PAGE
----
Italian architect designs vertical city on the sea

23 July 2015
Images via Luca Curci Architects

Bari-based architect Luca Curci has published a design for a “vertical city settled in the water” consisting of 180 floors grouped in 10 overlapping layers with a total height of 750m.

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The concept, a maritime reimagining of Le Corbusier’s “city in the sky”, would be able to house up to 25,000 people, and would also encompass more than 200,000 square metres of parks and gardens, including a public lawn on top of the building.

It would be built from prefabricated modular elements, repeatable horizontally and vertically to create a shape resembling a cylindrical colander (pictured).

The structure would be surrounded by a membrane of photovoltaic glasses that would provide electricity for the whole building, with the aim of making it a net generator of energy.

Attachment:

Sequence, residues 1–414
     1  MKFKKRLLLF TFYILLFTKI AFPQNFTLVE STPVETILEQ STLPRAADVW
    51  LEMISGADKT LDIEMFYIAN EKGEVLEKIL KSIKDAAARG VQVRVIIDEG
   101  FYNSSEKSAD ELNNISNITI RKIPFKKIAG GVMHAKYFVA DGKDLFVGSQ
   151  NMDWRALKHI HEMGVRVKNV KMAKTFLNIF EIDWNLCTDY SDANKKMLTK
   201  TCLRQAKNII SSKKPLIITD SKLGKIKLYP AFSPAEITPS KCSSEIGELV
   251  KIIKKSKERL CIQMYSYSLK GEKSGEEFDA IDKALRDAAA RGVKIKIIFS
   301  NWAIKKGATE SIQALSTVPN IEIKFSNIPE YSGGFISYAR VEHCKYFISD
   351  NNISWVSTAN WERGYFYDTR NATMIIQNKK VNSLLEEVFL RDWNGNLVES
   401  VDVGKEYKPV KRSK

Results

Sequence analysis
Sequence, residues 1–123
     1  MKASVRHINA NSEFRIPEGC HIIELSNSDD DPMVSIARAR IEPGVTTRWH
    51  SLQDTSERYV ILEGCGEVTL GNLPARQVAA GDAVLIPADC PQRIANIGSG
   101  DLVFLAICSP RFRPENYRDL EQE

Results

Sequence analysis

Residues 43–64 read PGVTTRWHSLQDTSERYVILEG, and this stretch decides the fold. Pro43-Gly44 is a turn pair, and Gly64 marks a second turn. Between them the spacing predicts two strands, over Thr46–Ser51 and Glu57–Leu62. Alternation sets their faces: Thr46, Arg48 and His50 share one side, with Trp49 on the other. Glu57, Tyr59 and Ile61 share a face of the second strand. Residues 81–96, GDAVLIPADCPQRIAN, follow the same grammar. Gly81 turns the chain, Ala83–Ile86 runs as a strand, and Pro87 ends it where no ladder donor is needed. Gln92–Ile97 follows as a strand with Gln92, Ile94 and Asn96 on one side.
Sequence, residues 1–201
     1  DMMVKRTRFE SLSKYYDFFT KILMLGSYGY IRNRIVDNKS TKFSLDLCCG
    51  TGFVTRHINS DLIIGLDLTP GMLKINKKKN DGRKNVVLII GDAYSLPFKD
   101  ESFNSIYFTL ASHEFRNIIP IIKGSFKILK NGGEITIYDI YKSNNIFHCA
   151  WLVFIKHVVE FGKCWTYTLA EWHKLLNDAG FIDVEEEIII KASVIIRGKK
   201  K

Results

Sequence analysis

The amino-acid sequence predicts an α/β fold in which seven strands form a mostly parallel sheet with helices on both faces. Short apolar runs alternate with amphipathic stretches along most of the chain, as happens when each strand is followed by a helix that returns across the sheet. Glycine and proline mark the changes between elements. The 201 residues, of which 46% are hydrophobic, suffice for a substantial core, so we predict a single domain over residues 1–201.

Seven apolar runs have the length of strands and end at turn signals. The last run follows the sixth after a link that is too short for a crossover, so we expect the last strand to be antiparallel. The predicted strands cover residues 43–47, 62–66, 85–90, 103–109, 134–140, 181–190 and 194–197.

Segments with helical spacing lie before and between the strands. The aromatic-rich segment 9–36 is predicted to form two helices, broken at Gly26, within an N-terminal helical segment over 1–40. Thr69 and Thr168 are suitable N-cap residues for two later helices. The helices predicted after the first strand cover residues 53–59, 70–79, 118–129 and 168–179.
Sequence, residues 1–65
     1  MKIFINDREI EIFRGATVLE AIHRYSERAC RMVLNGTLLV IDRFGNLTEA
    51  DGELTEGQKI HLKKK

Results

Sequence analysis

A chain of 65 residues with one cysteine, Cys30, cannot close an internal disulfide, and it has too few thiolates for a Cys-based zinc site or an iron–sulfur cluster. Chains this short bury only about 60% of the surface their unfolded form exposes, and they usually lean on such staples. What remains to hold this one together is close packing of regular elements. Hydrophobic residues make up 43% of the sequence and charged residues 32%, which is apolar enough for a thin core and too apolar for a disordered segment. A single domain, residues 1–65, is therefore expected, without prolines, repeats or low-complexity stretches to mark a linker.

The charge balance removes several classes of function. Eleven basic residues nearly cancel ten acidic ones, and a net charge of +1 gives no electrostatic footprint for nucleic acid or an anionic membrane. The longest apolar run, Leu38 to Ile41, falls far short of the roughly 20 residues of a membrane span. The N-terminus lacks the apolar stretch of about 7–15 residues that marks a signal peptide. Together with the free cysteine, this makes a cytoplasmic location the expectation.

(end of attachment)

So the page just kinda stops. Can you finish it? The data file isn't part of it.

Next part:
The building would sit on the sea bed, and would have a series of underwater floors hosting parking and technical areas, facilities such as spas, mediation centres and gyms and luxury hotels rooms with subaqueous views.

Luci Curci Architects has said that the plan is a “modular interpretation of the idea of contemporary city”.

Read the rest of the article at GCR

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